Temperature-resistant wires are pulled through molten silicon, which results in very thin silicon ribbons. Solar panels made with this technology looks similar to traditional polycrystalline solar panels.
Evergreen Solar was the main manufacturer of solar panels using the String Ribbon technology. The company is now bankrupt, rendering the future for String Ribbon solar panels unclear.
Depositing one or several thin layers of photovoltaic material onto a substrate is the basic gist of how thin-film solar cells are manufactured. They are also known as thin-film photovoltaic cells (TFPV). The different types of thin-film solar cells can be categorized by which photovoltaic material is deposited onto the substrate:
Depending on the technology, thin-film module prototypes have reached efficiencies between 7–13% and production modules operate at about 9%. Future module efficiencies are expected to climb close to the about 10–16%.
The market for thin-film PV grew at a 60% annual rate from 2002 to 2007. In 2011, close to 5% of U.S. photovoltaic module shipments to the residential sector were based on thin-film.
Solar panels based on amorphous silicon, cadmium telluride and copper indium gallium selenide are currently the only thin-film technologies that are commercially available on the market:
Because the output of electrical power is low, solar cells based on amorphous silicon have traditionally only been used for small-scale applications such as in pocket calculators. However, recent innovations have made them more attractive for some large-scale applications too.
With a manufacturing technique called “stacking”, several layers of amorphous silicon solar cells can be combined, which results in higher efficiency rates (typically around 6-8%).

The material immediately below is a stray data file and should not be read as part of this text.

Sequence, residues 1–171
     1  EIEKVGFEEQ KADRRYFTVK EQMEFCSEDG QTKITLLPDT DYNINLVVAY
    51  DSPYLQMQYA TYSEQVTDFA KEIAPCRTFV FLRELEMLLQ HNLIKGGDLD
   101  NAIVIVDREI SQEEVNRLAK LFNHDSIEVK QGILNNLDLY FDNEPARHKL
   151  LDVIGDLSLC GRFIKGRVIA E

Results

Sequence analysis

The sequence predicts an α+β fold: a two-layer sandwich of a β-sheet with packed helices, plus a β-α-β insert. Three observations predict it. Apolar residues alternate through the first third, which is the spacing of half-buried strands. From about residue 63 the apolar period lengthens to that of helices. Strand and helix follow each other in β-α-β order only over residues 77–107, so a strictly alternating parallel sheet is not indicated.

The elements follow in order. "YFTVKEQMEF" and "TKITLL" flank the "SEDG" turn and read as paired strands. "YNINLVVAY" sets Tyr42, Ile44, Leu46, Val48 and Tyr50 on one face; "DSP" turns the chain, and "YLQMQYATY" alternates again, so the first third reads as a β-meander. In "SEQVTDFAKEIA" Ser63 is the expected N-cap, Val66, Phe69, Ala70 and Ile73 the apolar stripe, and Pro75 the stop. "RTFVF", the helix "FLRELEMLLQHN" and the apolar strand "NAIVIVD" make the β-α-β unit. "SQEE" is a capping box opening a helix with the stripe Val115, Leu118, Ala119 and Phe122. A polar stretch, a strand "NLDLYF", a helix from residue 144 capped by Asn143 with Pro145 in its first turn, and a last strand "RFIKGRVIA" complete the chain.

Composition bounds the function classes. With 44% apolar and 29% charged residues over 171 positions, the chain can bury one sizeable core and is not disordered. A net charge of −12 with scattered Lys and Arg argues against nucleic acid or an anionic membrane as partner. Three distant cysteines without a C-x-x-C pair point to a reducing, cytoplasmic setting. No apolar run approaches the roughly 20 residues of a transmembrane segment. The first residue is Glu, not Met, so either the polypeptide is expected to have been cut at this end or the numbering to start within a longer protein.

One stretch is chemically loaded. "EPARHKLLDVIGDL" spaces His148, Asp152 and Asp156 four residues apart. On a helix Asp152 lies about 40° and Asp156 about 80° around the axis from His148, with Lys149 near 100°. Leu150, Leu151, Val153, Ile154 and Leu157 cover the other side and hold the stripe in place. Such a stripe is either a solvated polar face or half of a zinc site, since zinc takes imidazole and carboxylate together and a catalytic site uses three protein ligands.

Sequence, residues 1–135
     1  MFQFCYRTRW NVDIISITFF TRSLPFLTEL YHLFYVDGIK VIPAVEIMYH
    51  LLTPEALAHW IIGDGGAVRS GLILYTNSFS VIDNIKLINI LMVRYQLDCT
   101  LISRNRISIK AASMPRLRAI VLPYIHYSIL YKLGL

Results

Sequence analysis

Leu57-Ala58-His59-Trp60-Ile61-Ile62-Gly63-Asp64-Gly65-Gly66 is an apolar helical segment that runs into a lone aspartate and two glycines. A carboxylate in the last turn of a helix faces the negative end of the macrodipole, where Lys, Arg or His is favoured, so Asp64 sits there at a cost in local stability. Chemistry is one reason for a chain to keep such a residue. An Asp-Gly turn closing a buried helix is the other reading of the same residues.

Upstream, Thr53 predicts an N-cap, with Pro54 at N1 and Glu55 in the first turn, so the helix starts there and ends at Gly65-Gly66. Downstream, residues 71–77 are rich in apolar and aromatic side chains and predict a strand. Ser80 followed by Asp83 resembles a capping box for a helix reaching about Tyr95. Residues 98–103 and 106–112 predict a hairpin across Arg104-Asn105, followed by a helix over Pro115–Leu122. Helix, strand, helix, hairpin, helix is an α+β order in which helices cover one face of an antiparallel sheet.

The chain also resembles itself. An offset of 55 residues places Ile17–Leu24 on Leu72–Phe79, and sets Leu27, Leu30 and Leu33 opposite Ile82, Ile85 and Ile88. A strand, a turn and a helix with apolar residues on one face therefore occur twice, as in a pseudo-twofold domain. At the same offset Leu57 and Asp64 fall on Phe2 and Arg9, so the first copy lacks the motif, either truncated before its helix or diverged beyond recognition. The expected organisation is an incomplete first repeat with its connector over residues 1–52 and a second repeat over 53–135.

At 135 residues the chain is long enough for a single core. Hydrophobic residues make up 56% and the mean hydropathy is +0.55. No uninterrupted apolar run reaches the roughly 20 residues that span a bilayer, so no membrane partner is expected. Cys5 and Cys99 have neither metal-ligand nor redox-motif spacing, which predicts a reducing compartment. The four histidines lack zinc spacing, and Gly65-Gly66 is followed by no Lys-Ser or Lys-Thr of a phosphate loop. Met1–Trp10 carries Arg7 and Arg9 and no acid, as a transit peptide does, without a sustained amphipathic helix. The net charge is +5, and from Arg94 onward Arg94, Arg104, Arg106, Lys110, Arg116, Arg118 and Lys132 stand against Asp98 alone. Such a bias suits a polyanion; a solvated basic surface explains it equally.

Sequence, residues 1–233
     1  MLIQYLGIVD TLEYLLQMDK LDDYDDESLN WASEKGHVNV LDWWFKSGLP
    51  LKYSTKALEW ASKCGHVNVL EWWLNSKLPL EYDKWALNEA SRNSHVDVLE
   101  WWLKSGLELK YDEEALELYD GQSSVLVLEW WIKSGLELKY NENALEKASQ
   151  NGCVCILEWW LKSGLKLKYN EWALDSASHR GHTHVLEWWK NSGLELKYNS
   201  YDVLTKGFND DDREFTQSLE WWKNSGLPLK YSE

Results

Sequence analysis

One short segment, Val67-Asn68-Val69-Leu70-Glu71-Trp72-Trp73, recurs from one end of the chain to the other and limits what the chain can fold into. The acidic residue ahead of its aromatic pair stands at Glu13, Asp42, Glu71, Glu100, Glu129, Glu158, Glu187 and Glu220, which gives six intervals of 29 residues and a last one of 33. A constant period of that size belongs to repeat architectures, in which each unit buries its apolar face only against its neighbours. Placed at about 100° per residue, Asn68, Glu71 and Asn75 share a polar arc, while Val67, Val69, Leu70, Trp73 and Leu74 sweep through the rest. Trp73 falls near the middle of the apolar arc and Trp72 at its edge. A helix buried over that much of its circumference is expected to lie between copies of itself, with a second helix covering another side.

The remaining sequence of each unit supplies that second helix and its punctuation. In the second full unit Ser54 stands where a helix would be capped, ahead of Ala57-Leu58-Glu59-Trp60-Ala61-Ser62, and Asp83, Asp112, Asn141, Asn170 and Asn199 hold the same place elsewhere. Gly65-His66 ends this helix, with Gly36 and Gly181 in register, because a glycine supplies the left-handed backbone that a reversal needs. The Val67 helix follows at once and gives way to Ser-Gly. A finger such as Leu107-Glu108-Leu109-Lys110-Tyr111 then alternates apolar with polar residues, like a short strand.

Only 1% of the silicon used in crystalline silicon solar cells is required in amorphous silicon solar cells. On the other hand, stacking is expensive.
Cadmium telluride is the only thin-film solar panel technology that has surpassed the cost-efficiency of crystalline silicon solar panels in a significant portion of the market (multi-kilowatt systems).
The efficiency of solar panels based on cadmium telluride usually operates in the range 9-11%.
First Solar has installed over 5 gigawatts (GW) of cadmium telluride thin-film solar panels worldwide. The same company holds the world record for CdTe PV module efficiency of 14.4%.
Compared to the other thin-film technologies above, CIGS solar cells have showed the most potential in terms of efficiency. These solar cells contain less amounts of the toxic material cadmium that is found in CdTe solar cells. Commercial production of flexible CIGS solar panels was started in Germany in 2011.
The efficiency rates for CIGS solar panels typically operate in the range 10-12 %.